25. It is recommended that there is clear and accessible public information about how to raise a concern and systems of complaints. Those systems of complaints should be easy to use, have accessible detail about routes of escalation with clearly defined outcomes that can include redress for people.

26. It is recommended that the Scottish Government should make arrangements to ensure appropriate oversight of regulatory provision of social care support and consider whether there should be separate arrangements put in place for Scotland, in this respect.

27. It is recommended that qualitative measures should be co-designed by the regulatory agencies and people with lived and living experience to ensure that they include elements of services that are important to people.

28. It is recommended that the sharing of data is examined, with the people at the centre of the process having access to their own data in formats that facilitate their understanding of it in order to support decision making and their involvement in this. This data should also be utilised for service planning and improvement, both strategic and operational.

29. It is recommended that data is utilised for social care planning and individuals, and their advocates have access to this to inform their choices.

30. It is recommended that there is a ‘duty to co-operate’ placed upon service providers to share data appropriately and equally upon regulatory bodies to work together to avoid duplication in their requests for information.

31. It is recommended that the type of data collected, and its purpose, is reviewed to ensure that the right data is collected for the right reasons, with a focus on data supporting performance management and service improvement.

32. It is recommended that a more tailored and contextualised approach is developed to how GDPR is used and interpreted within the regulatory landscape. It is also recommended that an Information Governance (IG) group is established to support the effective and proper use of information and engagement with IG experts.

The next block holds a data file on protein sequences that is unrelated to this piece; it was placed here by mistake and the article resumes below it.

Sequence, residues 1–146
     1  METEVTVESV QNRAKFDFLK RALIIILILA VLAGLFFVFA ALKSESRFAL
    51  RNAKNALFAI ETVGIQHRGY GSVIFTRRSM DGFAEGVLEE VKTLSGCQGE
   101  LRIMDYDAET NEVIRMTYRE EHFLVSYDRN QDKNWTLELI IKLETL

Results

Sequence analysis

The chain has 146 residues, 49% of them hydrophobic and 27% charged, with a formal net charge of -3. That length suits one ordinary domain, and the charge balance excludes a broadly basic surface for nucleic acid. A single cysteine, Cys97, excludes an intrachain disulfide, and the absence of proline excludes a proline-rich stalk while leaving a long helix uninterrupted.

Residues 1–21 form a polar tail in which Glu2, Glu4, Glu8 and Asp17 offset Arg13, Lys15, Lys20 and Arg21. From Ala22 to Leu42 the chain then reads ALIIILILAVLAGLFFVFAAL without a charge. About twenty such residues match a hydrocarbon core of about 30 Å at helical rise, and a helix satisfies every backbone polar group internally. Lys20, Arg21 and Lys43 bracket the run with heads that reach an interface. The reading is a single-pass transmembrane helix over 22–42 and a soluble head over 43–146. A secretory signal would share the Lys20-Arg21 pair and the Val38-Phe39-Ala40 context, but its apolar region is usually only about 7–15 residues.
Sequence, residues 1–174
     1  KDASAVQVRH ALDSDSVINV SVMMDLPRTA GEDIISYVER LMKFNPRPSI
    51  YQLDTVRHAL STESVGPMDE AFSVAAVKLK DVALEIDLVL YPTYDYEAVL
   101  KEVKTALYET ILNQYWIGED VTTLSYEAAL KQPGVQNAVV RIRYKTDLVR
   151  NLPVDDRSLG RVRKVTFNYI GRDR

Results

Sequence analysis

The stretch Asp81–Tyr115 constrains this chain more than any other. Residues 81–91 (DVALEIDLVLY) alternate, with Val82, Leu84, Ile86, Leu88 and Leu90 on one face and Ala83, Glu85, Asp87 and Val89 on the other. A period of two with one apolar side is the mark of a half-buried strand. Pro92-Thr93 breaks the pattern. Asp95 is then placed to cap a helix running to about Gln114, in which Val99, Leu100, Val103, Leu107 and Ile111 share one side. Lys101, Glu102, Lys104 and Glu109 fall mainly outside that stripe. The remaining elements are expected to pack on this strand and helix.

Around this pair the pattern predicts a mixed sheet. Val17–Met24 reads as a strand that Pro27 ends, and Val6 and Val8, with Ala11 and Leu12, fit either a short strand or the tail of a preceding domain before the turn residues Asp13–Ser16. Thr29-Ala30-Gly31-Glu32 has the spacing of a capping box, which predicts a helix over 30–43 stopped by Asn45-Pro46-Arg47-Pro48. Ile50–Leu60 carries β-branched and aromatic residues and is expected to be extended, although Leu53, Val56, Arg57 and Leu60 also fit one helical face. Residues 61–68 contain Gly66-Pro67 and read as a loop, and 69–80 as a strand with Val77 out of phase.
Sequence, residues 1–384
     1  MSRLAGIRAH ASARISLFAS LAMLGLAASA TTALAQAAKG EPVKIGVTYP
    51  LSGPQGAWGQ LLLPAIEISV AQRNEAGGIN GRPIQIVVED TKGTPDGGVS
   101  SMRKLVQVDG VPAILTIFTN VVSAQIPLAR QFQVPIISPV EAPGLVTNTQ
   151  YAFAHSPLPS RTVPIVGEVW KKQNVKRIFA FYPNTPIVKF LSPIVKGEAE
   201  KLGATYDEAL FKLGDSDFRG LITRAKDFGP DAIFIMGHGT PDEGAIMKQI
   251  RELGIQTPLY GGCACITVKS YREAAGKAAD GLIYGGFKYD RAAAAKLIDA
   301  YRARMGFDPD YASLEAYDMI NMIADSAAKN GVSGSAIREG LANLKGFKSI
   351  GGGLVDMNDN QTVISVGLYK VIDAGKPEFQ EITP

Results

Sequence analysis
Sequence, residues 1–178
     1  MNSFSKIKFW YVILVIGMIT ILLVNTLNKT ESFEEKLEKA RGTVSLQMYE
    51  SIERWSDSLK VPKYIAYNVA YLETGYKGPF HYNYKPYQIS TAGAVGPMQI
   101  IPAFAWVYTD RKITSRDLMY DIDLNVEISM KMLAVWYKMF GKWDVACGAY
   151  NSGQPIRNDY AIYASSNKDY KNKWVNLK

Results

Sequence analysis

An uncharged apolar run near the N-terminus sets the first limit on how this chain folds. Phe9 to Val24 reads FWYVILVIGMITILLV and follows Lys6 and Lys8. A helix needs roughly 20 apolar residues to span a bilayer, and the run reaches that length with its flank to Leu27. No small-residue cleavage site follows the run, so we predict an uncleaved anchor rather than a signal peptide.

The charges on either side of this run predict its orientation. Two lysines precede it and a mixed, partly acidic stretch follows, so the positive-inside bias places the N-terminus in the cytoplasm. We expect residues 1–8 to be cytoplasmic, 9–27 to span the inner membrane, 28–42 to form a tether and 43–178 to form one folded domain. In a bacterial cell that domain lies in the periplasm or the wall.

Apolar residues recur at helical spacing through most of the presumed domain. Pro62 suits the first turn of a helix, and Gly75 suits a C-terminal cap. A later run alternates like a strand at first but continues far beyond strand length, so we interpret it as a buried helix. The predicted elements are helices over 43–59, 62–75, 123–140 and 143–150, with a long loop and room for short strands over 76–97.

33. It is recommended that a review of the Health and Social Care Standards takes place to ensure they are based on human rights, ethical commissioning and are outcomes focused. The Standards should be the basis on which social care support services are inspected, scrutinised and regulated.

34. It is recommended that Scottish Ministers should review the powers of intervention and enforcement currently in place, where providers fail to meet workforce registration obligations or fail to follow the codes of conduct and consideration be given as to where powers of enforcement should lie.

35. It is recommended that regulators and providers examine ways in which the workforce can become more actively involved in the inspection process, on a basis of mutual trust and respect.

36. It is recommended that Scottish Ministers align the social care workforce in a coherent model, based on fair work, to support the sustainability of the workforce and to help drive continuous improvement.

37. It is recommended that Scottish Ministers should review the sufficiency, quality and availability of resources for training, development and improvement.

38. It is recommended that steps are taken to ensure that nationally recognised qualifications that reflect the skills required to work in the social care sector are developed and are portable across the social care sector.